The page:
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WORKING IN DENMARK

One in three who lost jobs in first Danish Covid lockdown still out of work

Around 70,000 people in Denmark were let go from their jobs due to the first Covid-19 shutdown in spring 2020. A third are still without work, according to new data.

Central Copenhagen in May 2020. Many who lost their jobs during Denmark's first Covid-19 lockdown are still out of work despite a general labour shortage, a report has found.
Central Copenhagen in May 2020. Many who lost their jobs during Denmark's first Covid-19 lockdown are still out of work despite a general labour shortage, an analysis has found.Photo: Liselotte Sabroe/Ritzau Scanpix

The numbers come from a study conducted by Danish thinktank Economic Council of the Labour Movement (Arbejderbevægelsens Erhvervsråd, AE) on behalf of newspaper Jyllands-Posten.

The AE study tracked down persons who were in employment on January 1st, 2020 before losing their jobs during the first Covid-19 lockdown in Denmark, which began on March 11th that year.

Some 70,000 people lost their jobs during the lockdown and around 65 percent are now back in work, according to the analysis.

“With the labour shortage [currently reported across most sectors, ed.], I would have expected more to be back in work. In any case, this is labour potential that we can’t really afford to miss,” AE senior analyst Emilie Agner Damm told Jyllands-Posten.

People over the age of 60 found it particularly difficult to get back on to the jobs market, according to the report.

Leader of trade union collective organisation Fagbevægelsens Hovedorganisation, Lizette Risgaard, called for employers to give senior workers opportunities to re-enter the jobs market.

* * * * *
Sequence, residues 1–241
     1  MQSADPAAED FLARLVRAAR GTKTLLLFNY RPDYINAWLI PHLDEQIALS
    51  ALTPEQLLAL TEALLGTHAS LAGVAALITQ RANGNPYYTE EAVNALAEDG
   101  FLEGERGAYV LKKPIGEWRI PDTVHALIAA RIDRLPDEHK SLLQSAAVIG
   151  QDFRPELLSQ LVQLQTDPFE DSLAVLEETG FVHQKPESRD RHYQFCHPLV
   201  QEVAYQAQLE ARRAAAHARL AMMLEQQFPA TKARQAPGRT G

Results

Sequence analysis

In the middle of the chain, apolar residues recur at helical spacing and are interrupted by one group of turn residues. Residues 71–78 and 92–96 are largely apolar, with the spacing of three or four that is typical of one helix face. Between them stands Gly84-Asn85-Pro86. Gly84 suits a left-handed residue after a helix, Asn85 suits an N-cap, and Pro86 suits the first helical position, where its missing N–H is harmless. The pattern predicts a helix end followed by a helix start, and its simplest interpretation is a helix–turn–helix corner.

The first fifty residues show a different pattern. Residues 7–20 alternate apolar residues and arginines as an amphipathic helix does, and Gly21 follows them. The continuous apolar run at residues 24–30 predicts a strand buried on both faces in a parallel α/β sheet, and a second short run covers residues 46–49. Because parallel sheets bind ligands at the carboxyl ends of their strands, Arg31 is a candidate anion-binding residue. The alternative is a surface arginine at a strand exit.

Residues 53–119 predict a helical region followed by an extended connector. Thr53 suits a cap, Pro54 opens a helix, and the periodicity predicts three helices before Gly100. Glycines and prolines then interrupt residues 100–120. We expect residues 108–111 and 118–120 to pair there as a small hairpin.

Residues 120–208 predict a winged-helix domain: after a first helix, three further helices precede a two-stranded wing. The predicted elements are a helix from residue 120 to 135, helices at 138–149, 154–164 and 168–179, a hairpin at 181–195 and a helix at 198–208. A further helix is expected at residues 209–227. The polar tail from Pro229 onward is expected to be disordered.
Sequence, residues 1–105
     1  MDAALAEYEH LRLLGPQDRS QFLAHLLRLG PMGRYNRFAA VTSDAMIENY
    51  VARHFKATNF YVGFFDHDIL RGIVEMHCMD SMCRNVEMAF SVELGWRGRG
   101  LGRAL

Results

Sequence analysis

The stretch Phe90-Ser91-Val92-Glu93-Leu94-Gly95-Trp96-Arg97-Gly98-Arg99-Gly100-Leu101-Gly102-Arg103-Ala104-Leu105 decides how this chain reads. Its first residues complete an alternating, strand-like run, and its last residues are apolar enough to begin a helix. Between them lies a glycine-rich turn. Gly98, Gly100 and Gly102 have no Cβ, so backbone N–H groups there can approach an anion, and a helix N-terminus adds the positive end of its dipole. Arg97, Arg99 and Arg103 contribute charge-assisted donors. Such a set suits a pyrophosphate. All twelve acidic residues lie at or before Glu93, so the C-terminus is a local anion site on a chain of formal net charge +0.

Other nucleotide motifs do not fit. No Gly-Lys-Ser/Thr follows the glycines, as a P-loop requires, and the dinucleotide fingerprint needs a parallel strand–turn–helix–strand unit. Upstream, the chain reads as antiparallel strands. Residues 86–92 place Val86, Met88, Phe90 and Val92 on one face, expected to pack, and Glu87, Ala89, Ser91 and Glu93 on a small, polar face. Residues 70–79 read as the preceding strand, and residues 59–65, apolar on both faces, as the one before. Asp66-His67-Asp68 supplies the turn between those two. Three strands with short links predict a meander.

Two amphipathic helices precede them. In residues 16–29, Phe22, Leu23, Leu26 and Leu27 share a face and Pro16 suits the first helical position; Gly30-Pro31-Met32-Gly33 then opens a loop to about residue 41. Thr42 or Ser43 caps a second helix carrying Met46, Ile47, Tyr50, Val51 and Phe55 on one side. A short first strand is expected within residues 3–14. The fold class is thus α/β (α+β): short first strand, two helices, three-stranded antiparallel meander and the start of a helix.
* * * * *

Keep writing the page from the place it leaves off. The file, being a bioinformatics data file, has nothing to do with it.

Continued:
“It makes me furious when employers reject competent, stable and loyal staff over the age of 60. It makes absolutely no sense that they gladly re-hire people in their fifties, but as soon as their birth certificate shows more than 60, the door closes,” Risgaard told Jyllands-Posten.

“Companies must change this culture. We have to work until well into our sixties so it is totally unacceptable to leave out seniors,” she added.

Erik Simonsen, the deputy director of the organisation for Danish employers, Dansk Arbejdsgiverforening, expressed surprise at the statistic in comments to the newspaper. Companies “cannot afford to be picky” given the labour shortage, he said.

READ ALSO: Employment in Denmark grows for ninth consecutive month but is it sustainable?

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WORKING IN DENMARK

Copenhagen Municipality demands payment from company accused of underpaying drivers

The Copenhagen Municipality wants the company Intervare, owner of online shopping firm Nemlig.com, to pay back millions of kroner amid accusations it underpaid drivers.

Copenhagen Municipality demands payment from company accused of underpaying drivers

A new report on social dumping, undertaken by Copenhagen Municipality, states that the city has demanded 4.7 million kroner from Intervare for unpaid wages for 72 drivers who delivered shopping to residents in the city, political media Altinget reports.

The company was subcontracted by Copenhagen Municipality to deliver goods to vulnerable residents.

According to the city council, however, Intervare systematically underpaid staff while also requiring them to work for 12 hours without breaks and denying them sickpay, Altinget writes.

“Although most companies behave properly, it is clear that there are still some bad eggs amongst the companies the municipality works with,” the Mayor of Copenhagen, Sophie Hæstorp Andersen, told Altinget.

“In that light, I’m happy that our control checks ensure a record high rebate to the workers who have been let down,” she said.

Intervare has repeatedly denied underpaying drivers who made deliveries on behalf of Copenhagen Municipality.

Nemlig.com, owned by Intervare, is Denmark’s biggest online grocery shopping service and experienced considerable growth during the Covid-19 crisis.

Social dumping is the practice of employers using cheaper labour than is usually available at their site of production or sale, for example by using migrant workers and paying them less than local minimum wages or outside the terms of local bargaining agreements.

READ ALSO: EXPLAINED: What is a Danish collective bargaining agreement?

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